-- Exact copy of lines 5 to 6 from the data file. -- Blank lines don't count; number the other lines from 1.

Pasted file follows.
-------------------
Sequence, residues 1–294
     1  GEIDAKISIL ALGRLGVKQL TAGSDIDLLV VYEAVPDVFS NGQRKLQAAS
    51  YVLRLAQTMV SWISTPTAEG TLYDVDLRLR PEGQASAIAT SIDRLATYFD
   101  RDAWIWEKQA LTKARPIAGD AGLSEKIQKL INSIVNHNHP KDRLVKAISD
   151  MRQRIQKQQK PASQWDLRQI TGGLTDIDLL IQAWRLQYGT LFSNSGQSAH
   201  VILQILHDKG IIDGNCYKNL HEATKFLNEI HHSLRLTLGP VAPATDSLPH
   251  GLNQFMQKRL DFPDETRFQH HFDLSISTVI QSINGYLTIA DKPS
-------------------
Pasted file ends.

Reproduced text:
   151  MRQRIQKQQK PASQWDLRQI TGGLTDIDLL IQAWRLQYGT LFSNSGQSAH
   201  VILQILHDKG IIDGNCYKNL HEATKFLNEI HHSLRLTLGP VAPATDSLPH